YOU make the world a more tolerable place. YOU give others hope that we aren’t all selfish monsters. YOU help us let out a sigh of relief.

Thanks.

Here are some positive animal stories to start your 2019 off on a good note.

You know those little hermit crabs you see with tiny intricate scenes painted on their shells? You usually find them in mall pet stores, perhaps even a friend had one in growing up. Well, a lot of those end up forgotten or released onto the beaches of the East Coast (they are native to the Caribbean). People who get them often do not know what care they require, forget about them quickly, and they are left in the corner of the room like an unloved houseplant. But one wonderful woman named Sarah Porter drove across 3 states rescuing about 30 of  these under-appreciated animals. Read the entire article, and watch a cute video, at USA Today

 

A lot of people are nice enough to volunteer at shelters during the busy holiday season, and this magician (John Stessel) decided he wanted to help dogs get adopted by showing them magic tricks and then making adorable videos of their reactions! It always benefits shelters animals to get them to break out of their shell and forget about the stress of shelter life, that way potential adopters can get a glimpse of their true personality. Using treats in an illusion is always a good way to get an silly, yet honest reaction from a dog 🙂

 

This is utterly amazing. Sea Life Trust has done something pretty cool to help with those sea animals that have worked a life in showbiz and cannot return to the wild, specifically Beluga Whales, Sea Life Trust has made the very first Open Sea Whale Sanctuary and in Spring of this year it will be the new home to Little White and Little Grey, two Belugas that had been working at a Chinese waterpark for more than 7 years, and have recently retired. The whales are 12 years old and spend their days floating around a small concrete tank. Soon they will be taking a 6,000mi trip from Shanghai to their new 344,000 sq ft bay home in Iceland.

 

This story might be the hardest to watch, but it has a good payoff too. Classic story of sweet, kind woman walking through a neighborhood to meet abandoned, malnourished dog knocking on Death’s door and forever changing his life. 

 

 

 

The Adventure Pup Experience

Lately people have been asking me what I do for work, and when I say “I run a hiking service for dogs” I get the same reaction, “Oh fun! What a great thing!” And yes, they’re correct to say that, it is amazing and I love doing it, but after some more conversation I come to realize a lot of people see me as either a boarding facility, jam packed with dogs (they’re only half listening to what I’m saying), or that 9 year old neighbor you have that always wants to be around your dog and will always jump at the opportunity to watch them when you leave town (yes I was that 9 year old some time ago), but my job is so much more than that, so I thought I would explain what makes Adventure Pup a different experience.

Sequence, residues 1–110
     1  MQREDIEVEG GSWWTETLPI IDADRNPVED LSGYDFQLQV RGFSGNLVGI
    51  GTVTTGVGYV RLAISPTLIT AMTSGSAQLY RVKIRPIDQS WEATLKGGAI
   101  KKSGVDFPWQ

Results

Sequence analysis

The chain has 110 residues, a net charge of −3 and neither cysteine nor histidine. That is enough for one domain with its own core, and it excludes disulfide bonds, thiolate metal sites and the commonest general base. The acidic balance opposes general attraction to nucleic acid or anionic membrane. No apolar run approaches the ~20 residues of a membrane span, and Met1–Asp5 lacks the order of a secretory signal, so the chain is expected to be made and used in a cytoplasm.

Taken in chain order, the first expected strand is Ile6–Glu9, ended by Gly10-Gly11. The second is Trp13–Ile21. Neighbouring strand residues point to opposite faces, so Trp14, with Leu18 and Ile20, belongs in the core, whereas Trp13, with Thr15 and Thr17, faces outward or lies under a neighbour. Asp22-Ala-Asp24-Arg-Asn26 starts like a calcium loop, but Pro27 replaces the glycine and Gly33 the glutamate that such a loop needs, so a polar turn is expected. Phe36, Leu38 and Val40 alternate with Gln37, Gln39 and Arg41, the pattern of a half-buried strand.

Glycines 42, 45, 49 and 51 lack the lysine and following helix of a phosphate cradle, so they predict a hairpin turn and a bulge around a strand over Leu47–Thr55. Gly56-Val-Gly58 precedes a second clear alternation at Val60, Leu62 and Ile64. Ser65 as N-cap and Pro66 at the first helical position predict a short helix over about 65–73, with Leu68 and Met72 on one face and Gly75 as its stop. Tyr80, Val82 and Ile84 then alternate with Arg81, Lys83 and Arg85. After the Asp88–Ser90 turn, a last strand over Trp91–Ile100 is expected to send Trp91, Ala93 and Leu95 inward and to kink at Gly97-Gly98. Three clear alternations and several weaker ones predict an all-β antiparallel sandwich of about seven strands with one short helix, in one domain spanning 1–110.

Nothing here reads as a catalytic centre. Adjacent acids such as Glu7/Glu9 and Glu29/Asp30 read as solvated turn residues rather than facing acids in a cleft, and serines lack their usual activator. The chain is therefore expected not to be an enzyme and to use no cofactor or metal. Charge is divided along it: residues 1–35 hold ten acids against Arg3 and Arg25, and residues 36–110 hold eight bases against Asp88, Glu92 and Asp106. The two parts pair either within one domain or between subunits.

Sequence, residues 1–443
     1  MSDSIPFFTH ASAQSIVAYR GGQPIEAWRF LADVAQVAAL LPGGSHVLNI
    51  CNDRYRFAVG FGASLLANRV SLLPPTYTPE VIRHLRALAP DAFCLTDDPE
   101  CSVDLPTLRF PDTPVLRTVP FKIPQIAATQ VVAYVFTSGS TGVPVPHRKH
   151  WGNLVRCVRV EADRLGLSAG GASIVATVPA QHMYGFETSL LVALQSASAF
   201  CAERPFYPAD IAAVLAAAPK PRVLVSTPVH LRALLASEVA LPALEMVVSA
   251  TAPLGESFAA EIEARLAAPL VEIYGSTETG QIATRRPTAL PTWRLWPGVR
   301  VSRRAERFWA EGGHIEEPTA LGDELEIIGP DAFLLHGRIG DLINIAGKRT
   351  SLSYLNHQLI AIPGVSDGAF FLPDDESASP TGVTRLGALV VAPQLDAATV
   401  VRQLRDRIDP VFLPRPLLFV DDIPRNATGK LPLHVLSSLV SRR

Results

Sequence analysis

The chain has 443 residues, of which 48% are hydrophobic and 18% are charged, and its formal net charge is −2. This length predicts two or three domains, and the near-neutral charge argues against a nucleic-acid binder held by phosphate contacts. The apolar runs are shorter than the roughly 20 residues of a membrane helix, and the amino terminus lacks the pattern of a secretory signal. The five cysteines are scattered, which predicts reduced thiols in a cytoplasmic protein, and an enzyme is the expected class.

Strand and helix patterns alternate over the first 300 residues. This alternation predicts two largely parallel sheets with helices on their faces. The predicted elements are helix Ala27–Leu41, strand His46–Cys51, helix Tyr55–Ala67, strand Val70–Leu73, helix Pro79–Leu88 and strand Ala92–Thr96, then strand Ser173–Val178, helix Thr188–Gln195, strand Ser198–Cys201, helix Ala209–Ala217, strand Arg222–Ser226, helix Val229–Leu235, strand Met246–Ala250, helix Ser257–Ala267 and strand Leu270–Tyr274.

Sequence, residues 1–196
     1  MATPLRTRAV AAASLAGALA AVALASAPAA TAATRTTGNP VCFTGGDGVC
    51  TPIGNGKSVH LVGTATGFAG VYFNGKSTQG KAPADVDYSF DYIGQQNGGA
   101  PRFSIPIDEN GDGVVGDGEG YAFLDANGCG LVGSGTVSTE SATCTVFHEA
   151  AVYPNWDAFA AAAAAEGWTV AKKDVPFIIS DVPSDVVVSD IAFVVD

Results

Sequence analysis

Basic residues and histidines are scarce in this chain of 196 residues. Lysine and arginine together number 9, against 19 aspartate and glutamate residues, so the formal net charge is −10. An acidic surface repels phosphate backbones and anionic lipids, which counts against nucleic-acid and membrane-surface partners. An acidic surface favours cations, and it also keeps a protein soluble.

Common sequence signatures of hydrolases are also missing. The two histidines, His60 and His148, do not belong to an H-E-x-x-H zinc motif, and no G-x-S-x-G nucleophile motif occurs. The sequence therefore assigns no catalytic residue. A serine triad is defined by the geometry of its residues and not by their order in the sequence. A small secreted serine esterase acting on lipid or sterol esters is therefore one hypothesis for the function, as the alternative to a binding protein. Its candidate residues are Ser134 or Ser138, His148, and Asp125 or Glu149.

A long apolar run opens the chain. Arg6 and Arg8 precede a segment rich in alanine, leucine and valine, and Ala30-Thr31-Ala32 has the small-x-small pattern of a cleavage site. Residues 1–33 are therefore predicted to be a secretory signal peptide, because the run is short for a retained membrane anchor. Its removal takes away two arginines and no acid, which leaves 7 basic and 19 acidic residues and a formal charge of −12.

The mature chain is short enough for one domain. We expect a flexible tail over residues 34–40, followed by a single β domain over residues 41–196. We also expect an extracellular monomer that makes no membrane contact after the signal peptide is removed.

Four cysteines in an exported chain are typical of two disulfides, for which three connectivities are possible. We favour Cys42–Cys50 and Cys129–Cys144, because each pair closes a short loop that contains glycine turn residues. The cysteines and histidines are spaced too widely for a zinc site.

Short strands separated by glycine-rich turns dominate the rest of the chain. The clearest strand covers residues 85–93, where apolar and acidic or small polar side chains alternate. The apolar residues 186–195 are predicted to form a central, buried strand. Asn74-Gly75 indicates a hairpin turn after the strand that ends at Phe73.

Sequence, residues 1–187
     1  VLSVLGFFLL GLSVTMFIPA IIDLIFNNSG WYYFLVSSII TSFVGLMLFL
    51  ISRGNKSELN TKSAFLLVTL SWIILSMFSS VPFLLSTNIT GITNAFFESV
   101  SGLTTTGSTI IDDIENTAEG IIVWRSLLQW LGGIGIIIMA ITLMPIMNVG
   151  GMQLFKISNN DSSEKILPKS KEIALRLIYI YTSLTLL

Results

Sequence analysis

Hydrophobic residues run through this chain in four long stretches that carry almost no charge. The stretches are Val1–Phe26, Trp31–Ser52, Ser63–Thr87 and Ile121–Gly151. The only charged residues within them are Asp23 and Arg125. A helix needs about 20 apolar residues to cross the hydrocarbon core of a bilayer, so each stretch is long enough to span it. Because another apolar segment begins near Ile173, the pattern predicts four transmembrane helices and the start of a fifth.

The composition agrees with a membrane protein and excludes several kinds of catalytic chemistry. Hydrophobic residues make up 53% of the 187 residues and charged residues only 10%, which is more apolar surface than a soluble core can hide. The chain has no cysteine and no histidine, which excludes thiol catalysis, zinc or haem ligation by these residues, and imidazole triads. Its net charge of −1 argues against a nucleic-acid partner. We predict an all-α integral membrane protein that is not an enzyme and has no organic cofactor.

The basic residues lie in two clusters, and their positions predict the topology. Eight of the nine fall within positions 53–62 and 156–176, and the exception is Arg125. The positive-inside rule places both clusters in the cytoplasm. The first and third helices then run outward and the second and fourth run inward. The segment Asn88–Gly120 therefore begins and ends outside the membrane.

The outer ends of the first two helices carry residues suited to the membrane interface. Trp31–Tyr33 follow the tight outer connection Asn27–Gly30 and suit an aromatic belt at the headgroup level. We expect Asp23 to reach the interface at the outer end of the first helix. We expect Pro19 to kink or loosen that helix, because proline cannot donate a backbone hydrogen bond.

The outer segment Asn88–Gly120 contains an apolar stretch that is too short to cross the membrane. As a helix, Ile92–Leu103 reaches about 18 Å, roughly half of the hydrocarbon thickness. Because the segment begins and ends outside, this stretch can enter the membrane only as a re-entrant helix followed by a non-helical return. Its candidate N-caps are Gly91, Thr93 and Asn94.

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  • I truly love your dog (or cat, or iguana, or fish, or rat) as much as I did when I was a kid hopping your fence to lay in your yard with them. I know your pup’s hobbies and pet peeves, I can pick them out of a line-up of dogs that other people would assume are clones, and I will remember them until I am old and senile. They will get excited when they run into me in public, and you might not even recognize me. I will have photos of them forever on my computer, and sometimes (currently) pinned to my wall above my desk, to brighten my day when I need it. I will constantly talk about them to my human friends.
  • On that note, I have more dog friends than human friends. I just prefer the company of non-human animals. It makes me a little awkward to talk to, but also great with your pups.
  • I see dogs as individuals. I don’t do the same activity for every dog. I know who likes doing what and I know what activities to avoid with certain dogs. Everyone is different and unique, and I set up my day to day with that in mind.
  • Packs are kept small and intimate, not only so I am able to physically control everyone on leash at once, but also so that all dogs enjoy the outing. Small packs help keep the excitement level down, which results in less anxiety and a more connected pack. Pups are also matched based on energy level and individual personalities so every member of the pack enjoys their Adventure.
  • Every outing involves both physical and mental stimulation. Pups are given gentle guidance and work on basic commands while out on Adventures, nose work is done with dogs that do better with a job, and tTouch is done with all Adventure Pups to help create a stronger bond, alleviate stiff joints, or release some anxious energy. After a dog has been with me for a length of time I have to use very little voice control and most pups will follow my energy. May sound a bit flower-power to some, but it works for me.
  • Different techniques are used for different dogs to help them grow and learn at their own pace. I use a variety of training techniques and exercises (basically anything except old school/negative reinforcement training) and I am always continuing my education by attending different animal classes and holding side jobs in various animal industries (retail, nutrition, medical, daycare, training, shelters, etc.)
  • I follow dog rules: off-leash in certain areas and not in others, picking up poop and taking them with me, only allowing dog/people friendly dogs off leash, bringing no more than 3 dogs to a dog park. I’m a pretty big square and love a good set of rules.
  • I am prepared for each outing with a car stocked with dog necessities & emergency kits and also carry a pouch with me on every hike carrying smaller versions of necessities & emergency kits (I made a post about that a little while back if you’re curious). I also prepare myself by knowing where I am going ahead of time and familiarizing myself with the trail before bringing Adventure Pups along (my dog Link is a huge help in these tests).

If you have a dog walker or pet sitter they should posses these qualities. I form very deep bonds with animals, even if I know them briefly, but I have worked with some people who do not actually care for the animal they’re watching & out of all the “animal people” I know there are only a select few I would trust with my own dog.